More Lessons About Handball Learned From David Chapman [Part 2] by Boak Ferris

Posted on Jan 18 2018 - 5:14pm by david

{This article is a continuation piece from the previously posted, “What I learned about Handball from Dave Chapman PT I,” by Boak Ferris}

Our Traffic Circle Handball Club comprised a lot more than “dullards.” 

Think of our collective members as a kind of “geode,” plain-looking from David’s deeply Four-Dimensional perspective, but crack the rock open, and treasures scintillated.  Lew Morales knew that David didn’t have to travel, because we had among the best elite players David might ever see.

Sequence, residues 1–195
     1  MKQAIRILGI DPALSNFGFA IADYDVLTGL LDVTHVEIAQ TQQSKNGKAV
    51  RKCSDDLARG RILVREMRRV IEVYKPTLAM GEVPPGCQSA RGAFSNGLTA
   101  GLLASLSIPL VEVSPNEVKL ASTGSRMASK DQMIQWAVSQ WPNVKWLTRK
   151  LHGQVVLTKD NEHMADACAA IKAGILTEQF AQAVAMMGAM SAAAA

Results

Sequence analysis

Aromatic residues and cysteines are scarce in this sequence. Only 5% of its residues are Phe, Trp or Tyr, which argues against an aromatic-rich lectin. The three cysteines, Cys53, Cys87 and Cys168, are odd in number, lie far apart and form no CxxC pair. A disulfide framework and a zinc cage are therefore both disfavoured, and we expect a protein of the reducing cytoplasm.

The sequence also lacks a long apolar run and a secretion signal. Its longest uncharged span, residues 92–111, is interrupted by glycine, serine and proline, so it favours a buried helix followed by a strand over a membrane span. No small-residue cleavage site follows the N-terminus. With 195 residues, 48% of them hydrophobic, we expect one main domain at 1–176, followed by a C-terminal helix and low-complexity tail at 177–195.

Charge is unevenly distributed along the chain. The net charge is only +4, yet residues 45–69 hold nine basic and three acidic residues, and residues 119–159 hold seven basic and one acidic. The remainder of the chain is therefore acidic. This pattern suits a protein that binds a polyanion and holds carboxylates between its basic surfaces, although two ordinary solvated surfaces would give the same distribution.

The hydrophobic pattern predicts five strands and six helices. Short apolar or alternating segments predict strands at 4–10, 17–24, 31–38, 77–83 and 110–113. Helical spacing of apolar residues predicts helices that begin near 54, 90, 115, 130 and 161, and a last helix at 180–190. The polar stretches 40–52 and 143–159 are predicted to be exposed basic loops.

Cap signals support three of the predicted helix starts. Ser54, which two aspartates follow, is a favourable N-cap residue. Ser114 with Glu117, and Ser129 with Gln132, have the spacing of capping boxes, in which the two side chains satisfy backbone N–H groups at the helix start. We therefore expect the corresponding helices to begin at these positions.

Our club fielded a superior array of warriors, many of whom had earned national championships, or else contended, or were in national or state handball halls of fame, or would be.  David’s direct mentors, Fred Chapman and Lew Morales, owned National Championships in singles and doubles in age divisions, while Lew had beaten legend Pat Kirby, Master of the Irish Whip, and other Big Names in singles.  Mike Bock and Kelly Russell were Nationals and World Champions in their age divisions. Kelly Russell owned the best doubles-front-court, right-side game ever seen in the sport, second to none, except for, perhaps, Vince Munoz.  Naty Senior, opposing any partner playing with Russell, for example, told his own partners, “Whatever you do, keep it away from Russell.”  Kelly fly-killed and fly-passed from all heights: shoulder-height, waist-height, and submarine.  He cut off ceiling balls for rekills and dumps from the front line.  Kelly claims he learned his volcanic front-court skills from his beloved father, Earl-the-Pearl Russell.  Lefty, Mike Bock consistently threw one of the best multi-directional hop serves in the history of handball—even Vince Munoz mentions it with respect.  If I recall correctly, Mike claimed he learned how to hop the ball from Jim Vandenbos: a black-belt hop-expert.  Vandenbos confirmed that lore a few years ago, if I recall our interview accurately.